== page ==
Show Up Unprepared? Then You’re a Loser*.

On April 6, 2011, in teaching, by Barbara Nixon

Image Credit: "Loser" by Barbara Nixon

Be prepared for a short rant.

As has happened more than once this semester, students have shown up for class unprepared. Though I don’t like it, I halfway expect a small handful to not have completed the assignment that they were given. But this time, I was taken aback. In a class of 20, only four (FOUR!) had listened to the assigned podcast and written about it before class time. (NOTE: They should have listened to the podcast last week and blogged about their reactions no later than midnight on last Saturday night.)

When only 20% of a class is prepared to discuss a topic, the entire class loses. Many are disappointed, including those who WERE prepared for the discussion and their professor. And more importantly, learning is diminished.

Part of my job as a college educator is preparing students for careers after college. So how does it affect you, Dear Student, when you choose not to prepare yourself before a meeting? Here are a few ways:

  • You lose time. . . your own time and the time of others who must regroup because you did not have your deliverable ready on time.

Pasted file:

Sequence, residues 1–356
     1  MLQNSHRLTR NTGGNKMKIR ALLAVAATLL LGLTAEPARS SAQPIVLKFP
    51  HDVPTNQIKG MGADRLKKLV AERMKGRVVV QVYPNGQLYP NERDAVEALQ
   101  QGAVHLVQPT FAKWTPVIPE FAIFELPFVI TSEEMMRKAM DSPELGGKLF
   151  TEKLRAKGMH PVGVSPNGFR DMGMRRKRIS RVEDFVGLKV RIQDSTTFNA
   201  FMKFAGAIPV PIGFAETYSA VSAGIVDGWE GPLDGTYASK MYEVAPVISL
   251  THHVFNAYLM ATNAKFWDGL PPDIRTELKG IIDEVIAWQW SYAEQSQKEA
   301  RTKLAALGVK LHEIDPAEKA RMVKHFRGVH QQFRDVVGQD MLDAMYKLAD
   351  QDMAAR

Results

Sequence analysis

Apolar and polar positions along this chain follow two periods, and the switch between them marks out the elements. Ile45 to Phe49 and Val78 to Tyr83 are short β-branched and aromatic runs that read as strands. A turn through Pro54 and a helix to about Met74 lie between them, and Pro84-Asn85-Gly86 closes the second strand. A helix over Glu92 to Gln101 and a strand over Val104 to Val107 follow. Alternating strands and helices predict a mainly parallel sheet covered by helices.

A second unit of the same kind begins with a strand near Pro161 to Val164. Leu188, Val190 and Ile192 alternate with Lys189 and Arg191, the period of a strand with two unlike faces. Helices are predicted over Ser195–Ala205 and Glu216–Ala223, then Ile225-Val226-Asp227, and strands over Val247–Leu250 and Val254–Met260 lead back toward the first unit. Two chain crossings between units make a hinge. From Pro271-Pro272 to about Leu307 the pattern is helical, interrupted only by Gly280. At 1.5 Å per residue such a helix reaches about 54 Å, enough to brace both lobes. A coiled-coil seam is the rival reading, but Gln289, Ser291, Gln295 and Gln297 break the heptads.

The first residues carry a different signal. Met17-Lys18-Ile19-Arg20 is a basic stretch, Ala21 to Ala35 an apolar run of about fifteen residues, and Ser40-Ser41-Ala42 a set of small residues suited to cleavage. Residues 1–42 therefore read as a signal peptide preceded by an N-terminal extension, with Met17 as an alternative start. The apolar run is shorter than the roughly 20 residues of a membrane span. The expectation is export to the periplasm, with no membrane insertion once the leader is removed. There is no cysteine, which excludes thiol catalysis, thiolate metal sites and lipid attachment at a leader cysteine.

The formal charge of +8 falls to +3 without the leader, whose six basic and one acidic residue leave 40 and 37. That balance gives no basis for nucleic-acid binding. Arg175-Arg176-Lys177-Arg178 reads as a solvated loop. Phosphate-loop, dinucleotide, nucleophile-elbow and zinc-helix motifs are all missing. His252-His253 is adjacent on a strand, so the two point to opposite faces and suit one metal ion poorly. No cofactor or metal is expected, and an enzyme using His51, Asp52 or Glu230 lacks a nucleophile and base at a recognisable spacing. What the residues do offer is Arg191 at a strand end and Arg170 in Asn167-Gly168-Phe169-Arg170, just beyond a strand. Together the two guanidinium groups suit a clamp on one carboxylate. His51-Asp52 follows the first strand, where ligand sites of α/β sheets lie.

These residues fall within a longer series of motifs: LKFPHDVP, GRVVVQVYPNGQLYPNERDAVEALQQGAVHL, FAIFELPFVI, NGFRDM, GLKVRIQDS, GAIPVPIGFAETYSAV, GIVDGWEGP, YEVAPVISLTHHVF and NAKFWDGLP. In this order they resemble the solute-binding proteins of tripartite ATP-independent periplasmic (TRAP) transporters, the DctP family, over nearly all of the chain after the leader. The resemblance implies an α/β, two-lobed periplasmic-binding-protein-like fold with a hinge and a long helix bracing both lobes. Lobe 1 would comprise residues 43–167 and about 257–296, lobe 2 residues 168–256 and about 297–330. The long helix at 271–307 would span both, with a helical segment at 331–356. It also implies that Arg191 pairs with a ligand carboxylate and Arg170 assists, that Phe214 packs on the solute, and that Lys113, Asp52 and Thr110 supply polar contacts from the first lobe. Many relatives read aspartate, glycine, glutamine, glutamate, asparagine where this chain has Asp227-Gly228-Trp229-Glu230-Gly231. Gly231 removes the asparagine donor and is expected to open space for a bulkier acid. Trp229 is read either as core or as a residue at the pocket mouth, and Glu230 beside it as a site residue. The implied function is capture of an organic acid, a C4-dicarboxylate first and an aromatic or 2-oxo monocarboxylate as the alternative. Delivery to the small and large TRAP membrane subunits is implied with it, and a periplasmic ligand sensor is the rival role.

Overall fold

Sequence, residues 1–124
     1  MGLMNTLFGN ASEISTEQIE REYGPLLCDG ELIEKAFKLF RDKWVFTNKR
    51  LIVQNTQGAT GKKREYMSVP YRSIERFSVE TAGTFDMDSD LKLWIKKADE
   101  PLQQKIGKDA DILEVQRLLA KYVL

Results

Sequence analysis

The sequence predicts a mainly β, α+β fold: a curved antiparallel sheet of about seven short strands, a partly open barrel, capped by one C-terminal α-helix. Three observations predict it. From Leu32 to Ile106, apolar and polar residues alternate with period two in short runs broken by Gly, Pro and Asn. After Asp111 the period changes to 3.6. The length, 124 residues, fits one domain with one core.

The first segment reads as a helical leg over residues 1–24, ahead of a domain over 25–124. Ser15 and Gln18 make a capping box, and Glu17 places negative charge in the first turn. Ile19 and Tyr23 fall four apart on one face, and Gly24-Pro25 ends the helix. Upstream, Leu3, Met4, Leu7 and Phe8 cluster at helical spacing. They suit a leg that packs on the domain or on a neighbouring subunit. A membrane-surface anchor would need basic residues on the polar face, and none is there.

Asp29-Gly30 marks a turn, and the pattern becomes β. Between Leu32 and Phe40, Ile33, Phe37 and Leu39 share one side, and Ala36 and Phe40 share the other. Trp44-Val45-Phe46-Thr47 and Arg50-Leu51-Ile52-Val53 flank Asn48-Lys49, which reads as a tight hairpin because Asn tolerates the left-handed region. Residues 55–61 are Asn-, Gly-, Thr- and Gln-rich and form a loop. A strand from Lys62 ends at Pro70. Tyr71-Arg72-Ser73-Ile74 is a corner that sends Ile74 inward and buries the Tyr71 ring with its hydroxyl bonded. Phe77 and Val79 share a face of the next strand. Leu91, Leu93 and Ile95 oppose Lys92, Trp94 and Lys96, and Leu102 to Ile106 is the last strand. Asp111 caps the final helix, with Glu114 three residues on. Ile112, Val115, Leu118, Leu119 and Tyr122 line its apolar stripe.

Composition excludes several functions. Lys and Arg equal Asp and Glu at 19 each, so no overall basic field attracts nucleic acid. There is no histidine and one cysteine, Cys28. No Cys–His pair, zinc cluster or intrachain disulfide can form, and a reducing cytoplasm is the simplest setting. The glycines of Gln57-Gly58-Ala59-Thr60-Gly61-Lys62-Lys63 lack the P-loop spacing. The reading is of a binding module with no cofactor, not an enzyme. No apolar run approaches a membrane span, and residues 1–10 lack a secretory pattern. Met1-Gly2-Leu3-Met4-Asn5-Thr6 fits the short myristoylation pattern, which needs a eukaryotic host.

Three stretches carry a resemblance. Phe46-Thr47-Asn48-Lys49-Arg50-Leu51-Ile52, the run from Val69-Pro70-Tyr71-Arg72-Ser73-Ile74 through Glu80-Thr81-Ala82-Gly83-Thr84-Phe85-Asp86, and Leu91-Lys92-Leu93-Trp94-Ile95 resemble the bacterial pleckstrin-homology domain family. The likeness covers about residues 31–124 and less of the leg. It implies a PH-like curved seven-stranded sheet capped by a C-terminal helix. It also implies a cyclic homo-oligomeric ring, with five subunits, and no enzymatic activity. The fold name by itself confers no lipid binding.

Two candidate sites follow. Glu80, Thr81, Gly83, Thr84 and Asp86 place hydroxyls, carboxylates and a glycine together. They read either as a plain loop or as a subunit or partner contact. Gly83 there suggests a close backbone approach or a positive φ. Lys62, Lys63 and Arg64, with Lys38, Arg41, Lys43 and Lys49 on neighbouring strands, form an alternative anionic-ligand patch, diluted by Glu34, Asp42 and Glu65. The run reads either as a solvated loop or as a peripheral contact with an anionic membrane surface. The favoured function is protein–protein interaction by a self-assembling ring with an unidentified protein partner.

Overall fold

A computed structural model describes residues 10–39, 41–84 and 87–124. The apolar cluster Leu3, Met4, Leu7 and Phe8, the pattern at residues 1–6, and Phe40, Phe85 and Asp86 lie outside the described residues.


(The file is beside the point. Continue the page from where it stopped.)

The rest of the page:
• You lose the respect of others who were counting on you, your co-workers, your boss, your client . . .
  • You may lose the business of a client who was counting on you.
  • If it happens more than once, you may even lose your job.

In what other ways does showing up unprepared affect individuals and organizations? I’d love your input. And thanks for “listening” to my rant.

[* UPDATE: One of my students from another university noted via Twitter that it looks like I am calling students "losers" in a public setting. I can definitely see how that might appear, especially if reading only the title of the blog post. My intent in this post wasn't to name-call or embarrass, but instead to highlight something that's relatively easy to fix and that will definitely impact students' careers once they leave the confines of a college classroom.]

 

11 Responses to Show Up Unprepared? Then You’re a Loser*.

  1. Melissa M. says:

    Barbara, I’m printing this out and taking it to class tomorrow: I’m asking my students (in a second semester freshman writing course) to read it, discuss it, analyze your argument, and develop rebuttal arguments. I’m hoping for some spirited debate!

  2. Andrea Adkins says:

    I was there last semester. Working and being in full time college is difficult. It isn’t good to have a tendency of being unprepared but certain professors pile on work, forgetting that the students have 6 others and most work full time just to afford their education. Very sensitive issue depend on the individual situation. Sometimes teachers say they understand and will “work with them” but then don’t when they really are struggling to keep up with the massive amounts of work required in the specific class. Then some have the real disadvantage of having two classes… basically a failure to succeed notice from day one. Very good post though Professor because this isn’t always the situation (more of the exception to the rule). I enjoyed the post because it is important for students to know the impact it will have on their future careers. Thanks!

  3. Professor Nixon: